It emerged there are distinct processes of identification that take place in performing artists, especially in instances where the actors were required to deliver emotional challenging characters or performances. These experiences can be recognised by their transformational and lasting effect on the actor. Such aspects of identification were observed primarily in four areas: identification of the actor with the character; identification of the actor with the audience; identification of the actor with the ensemble; and finally identification of the actor with the superconscious. These areas can also overlap or sometimes take place simultaneously. For the purpose of this study processes of identification were mapped and evaluated against how they impact the actor’s ability to deliver a compelling and authentic performance.

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The Absent and the Concrete: Effects of Merging Physical and Virtual Entities

By: Lauren Jean Fletcher

In the worlds of virtual reality, whole objects and bodies are created in an immaterial manner from lines, ratios and light pixels. When objects are created in this form they can be easily manipulated, edited, multiplied and deleted. In addition, technological advances in virtual reality development result in an increased merging of physical and virtual elements, creating spaces of mixed reality. This leads to interesting consequences where the physical environment and body, in a similar vein to the virtual, also become increasingly easier to manipulate, distort and change. Mixed realities thus enhance possibilities of a world of constantly changing landscapes and adjustable, interchangeable bodies. My research and practice navigates methods of mixed reality by splicing sculpture and digital arts, unfurling the seeming binaries of the “concrete and the absent”, through the creation of my exhibition Immaterial.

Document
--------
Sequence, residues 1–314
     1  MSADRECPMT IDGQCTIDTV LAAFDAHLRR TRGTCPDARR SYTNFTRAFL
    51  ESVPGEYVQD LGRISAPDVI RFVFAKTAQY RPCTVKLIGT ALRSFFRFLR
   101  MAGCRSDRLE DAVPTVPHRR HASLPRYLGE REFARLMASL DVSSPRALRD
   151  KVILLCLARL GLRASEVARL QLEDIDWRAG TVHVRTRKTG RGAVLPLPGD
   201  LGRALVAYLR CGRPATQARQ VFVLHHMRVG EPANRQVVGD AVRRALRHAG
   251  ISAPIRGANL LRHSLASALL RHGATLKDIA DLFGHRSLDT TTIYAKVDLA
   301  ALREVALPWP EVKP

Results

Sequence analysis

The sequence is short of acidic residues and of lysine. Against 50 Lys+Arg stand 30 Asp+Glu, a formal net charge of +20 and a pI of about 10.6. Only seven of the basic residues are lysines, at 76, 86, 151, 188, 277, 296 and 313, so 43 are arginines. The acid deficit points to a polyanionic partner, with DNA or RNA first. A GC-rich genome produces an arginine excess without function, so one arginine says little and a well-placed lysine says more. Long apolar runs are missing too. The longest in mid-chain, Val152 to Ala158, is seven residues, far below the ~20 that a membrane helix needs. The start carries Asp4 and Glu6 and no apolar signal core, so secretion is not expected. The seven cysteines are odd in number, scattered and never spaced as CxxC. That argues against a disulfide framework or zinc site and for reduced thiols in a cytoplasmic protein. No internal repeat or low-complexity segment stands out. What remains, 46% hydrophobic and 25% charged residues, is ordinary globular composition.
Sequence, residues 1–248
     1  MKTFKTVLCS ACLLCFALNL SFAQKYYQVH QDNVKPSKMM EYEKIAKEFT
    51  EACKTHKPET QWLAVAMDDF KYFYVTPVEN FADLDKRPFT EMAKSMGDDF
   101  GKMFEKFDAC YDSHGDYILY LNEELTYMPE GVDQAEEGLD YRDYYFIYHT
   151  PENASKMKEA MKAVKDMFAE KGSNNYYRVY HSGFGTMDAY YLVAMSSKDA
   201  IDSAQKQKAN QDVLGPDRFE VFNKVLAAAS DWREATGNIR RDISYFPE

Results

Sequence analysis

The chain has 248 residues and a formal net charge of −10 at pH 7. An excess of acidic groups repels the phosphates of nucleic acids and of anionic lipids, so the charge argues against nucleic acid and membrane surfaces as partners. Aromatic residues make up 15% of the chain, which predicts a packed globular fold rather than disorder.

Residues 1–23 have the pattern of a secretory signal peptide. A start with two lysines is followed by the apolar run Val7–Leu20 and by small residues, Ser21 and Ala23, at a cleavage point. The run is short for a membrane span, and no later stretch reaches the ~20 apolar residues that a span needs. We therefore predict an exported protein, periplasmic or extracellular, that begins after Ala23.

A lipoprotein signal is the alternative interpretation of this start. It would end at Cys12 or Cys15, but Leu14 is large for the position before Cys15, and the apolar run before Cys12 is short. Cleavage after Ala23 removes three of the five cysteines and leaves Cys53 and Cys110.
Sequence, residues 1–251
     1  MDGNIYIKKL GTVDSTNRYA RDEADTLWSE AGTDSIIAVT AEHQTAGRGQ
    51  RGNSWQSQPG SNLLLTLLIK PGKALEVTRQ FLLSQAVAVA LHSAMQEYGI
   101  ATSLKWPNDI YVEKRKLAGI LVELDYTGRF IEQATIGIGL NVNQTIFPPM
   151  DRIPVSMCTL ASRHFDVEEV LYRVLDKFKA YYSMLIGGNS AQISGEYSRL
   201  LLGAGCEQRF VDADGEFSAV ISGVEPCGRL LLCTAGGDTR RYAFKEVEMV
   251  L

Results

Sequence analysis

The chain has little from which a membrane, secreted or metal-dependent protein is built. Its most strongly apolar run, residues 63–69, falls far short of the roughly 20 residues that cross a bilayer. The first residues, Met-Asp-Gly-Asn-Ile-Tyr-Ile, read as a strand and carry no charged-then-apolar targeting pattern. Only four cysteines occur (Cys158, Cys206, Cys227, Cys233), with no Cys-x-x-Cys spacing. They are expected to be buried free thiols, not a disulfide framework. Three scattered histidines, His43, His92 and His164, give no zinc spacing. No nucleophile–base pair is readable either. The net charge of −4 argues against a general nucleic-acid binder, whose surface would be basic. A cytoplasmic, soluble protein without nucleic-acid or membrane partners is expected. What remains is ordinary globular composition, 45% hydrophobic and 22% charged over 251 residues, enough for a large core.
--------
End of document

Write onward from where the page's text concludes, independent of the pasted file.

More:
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Social Fabric SA

By: Winnie Sze

“Social Fabric SA” is a project bringing together artists, designers and South African textile manufacturers to collaboratively try to help re-build the embattled textile industry through the development of a design-led innovation pipeline. This paper provides a brief background on the textile industry, makes a case for design as a potential economic value driver, and explains the nature of the project and some of the results.

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Thinking Stone Live Performance Sessions – platform for multidisciplinary artistic expression

By: Tonderai Chiyindiko

The Thinking Stone Live Performance Sessions started in early 2014 under the name ‘Thinking Stone Spoken Word Sessions’. The event was started because there was no platform outside of the existing arts and culture residence-based programmes like Stagedoor, Kleinser and Kovsie Extravaganza for students who were not in residence nor who were not part of an association or organised grouping to meet and share through Spoken Word which is also referred to as Slam or Performance Poetry. There was thus a great need for an informal and recurring open platform which would primarily target day/off-campus students both as performers and audience members since most of the organised residence based activities would mostly take place during the evenings which created challenges for that particular group of students.

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Film education for multiculturalism

By: Paraskevi Karageorgu